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Dublin: 17°C Sunday 3 July 2022

Body of pensioner (84) left undiscovered in Cork sitting room for seven months, inquest hears

The coroner said it was ‘disheartening’ that the man’s absence from day-to-day life was not noted sooner.

Image: Shutterstock/Derick Hudson

A CORONER HAS expressed concern after an inquest heard that an 84-year-old man lay dead at his home in Cork city for up to seven months.

Richie Scanlon of Madden’s Buildings on the northside of Cork city was found dead on 19 July. His sister and nephew let themselves in to the property and raised the alarm when they found him dead on the floor.

Mr Scanlon was in a decomposed state. The decomposition of the body was accelerated by the fact that an electric heater was still on at the house.

Cork city coroner Philip Comyn said it was “disheartening” that the absence of Mr Scanlon from day-to-day life was not noted sooner.

“It seems very strange that a man didn’t collect his pension and that didn’t trigger any alarm bells,” he said.  “The fact that he was a man of routine who went to the pub twice a week and went to the bookies -  I find it troubling that in this age of mass communication this poor gentleman appeared to have slipped through the cracks.”

Comyn acknowledged that the family had done the best they could for the lifelong bachelor given his reclusive nature. Mr Scanlon been cared for by a sister for many years. When she died in 2001, the family tried to maintain contact with him.

Denis Cronin, who is a nephew of the pensioner, told the Coroner’s Court that his uncle was an intensely private man. He last saw him on Christmas Eve 2018.

“He (Ritchie) kept himself to himself. From a family perspective he wouldn’t have attended weddings. He didn’t like a fuss.”

Cronin said that his uncle didn’t want to take help from outsiders and declined to engage with the Meals On Wheels service. It wasn’t unusual for him to go long periods without contacting his family and his relatives would always have to initiate the conversation.

Denis Cronin does not live in Cork, but he visited his uncle at Christmas and in the summer. He stated that his uncle liked horse racing and going to the pub and that the bookies and the pub were his social outlets.

Denis said he was worried about his uncle when he visited him on 24 December last year because he had an ulcer on his leg. Ritchie reassured his nephew that he was getting the ulcer dressed and that he was able to go to the doctor by using a taxi service. He added that his uncle didn’t want outside assistance.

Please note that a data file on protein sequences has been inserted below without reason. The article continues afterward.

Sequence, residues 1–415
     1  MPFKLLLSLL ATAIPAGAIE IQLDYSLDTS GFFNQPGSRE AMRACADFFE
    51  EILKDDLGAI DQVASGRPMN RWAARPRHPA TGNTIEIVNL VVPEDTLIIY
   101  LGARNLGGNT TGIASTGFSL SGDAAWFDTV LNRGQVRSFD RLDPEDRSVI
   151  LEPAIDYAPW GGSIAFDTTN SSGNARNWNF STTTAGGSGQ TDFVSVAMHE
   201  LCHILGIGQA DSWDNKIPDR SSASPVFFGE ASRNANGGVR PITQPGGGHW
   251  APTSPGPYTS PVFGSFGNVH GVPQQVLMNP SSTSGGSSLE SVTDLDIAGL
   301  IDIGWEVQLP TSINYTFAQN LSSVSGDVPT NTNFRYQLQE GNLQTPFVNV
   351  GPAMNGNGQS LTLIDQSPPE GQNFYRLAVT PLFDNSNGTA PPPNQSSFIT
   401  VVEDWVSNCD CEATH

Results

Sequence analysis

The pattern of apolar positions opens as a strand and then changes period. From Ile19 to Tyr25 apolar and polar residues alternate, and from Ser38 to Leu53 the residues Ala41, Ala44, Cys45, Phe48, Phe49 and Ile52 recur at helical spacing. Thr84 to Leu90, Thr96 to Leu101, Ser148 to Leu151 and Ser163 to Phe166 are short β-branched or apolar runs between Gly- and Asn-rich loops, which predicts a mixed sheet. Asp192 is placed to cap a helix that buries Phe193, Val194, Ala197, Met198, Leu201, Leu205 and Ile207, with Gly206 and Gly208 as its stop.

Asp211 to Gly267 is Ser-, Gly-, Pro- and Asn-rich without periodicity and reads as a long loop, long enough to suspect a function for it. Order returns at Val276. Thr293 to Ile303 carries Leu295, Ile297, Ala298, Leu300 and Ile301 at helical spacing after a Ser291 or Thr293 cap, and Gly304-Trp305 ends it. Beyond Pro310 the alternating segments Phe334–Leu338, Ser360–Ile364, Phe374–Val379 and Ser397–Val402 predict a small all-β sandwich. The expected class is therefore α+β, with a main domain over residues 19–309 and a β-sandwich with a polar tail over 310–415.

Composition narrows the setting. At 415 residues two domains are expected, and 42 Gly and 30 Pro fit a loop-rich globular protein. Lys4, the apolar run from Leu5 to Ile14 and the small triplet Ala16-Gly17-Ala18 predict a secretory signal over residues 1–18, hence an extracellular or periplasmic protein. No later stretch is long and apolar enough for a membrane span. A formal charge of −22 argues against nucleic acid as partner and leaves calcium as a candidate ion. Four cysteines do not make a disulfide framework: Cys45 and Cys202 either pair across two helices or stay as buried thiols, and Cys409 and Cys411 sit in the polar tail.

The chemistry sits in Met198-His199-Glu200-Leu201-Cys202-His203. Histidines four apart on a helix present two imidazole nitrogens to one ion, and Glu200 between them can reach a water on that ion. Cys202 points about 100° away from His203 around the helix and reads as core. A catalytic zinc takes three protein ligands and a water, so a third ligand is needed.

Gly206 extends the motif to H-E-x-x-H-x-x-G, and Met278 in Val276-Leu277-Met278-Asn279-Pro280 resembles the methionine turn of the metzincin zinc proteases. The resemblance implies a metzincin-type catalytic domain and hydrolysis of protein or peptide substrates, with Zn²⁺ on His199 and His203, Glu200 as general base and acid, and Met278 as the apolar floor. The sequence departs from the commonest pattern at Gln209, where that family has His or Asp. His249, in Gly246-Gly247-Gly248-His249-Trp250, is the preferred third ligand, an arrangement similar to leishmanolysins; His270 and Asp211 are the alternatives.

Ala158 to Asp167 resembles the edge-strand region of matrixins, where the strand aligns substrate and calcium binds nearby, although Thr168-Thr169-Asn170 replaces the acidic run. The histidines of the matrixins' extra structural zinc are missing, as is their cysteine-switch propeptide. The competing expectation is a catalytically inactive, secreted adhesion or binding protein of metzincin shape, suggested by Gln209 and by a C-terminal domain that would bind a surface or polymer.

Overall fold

How he was found 

Joe O’Mahony, who is also a nephew of the late pensioner, said he went to the property with his mother at 11.30am on 19 July 2019. He let himself in with a key and found Ritchie dead on the floor.

Garda Eric Stafford who attended at the scene said there was no sign of forced entry in the house. The post had built up with the earliest unopened letter dating back to 9 January. An electric heater was still on in the house.

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The house was without a landline and Mr Scanlon refused to have a mobile phone. His last prescription fill was on 17 December 2018 and his first missed pension was recorded on 4 January this year.

Garda Stafford said that neighbours told him that Scanlon lived a reclusive lifestyle. Locals didn’t view it as unusual that he wasn’t about.

The body was removed to the morgue at Cork University Hospital for a postmortem examination. Assistant State Pathologist Dr Margaret Bolster said she was unable to ascertain a cause of dead because the body was in such an advanced state of decomposition. An open verdict was recorded in the case.

Sergeant Fergus Twomey and coroner Philip Comyn extended their sympathy to the family following their tragic loss.

Sergeant Twomey commended investigating garda Eric Stafford for his professionalism and sensitivity following his arrival at a “disturbing scene.” He also thanked the fire brigade for their assistance on the day.

Mr Scanlon was originally from the Gouldings and Thomas Davis Street area of Cork but had lived at Madden’s Buildings for many years.

Following the death the Cork-based service Friendly Call urged anyone isolated or lonely to sign up to their daily checks.  The free daily call service checks in on people over the phone. It also has a system in place to check up on someone who does not answer the daily call.

About the author:

Olivia Kelleher

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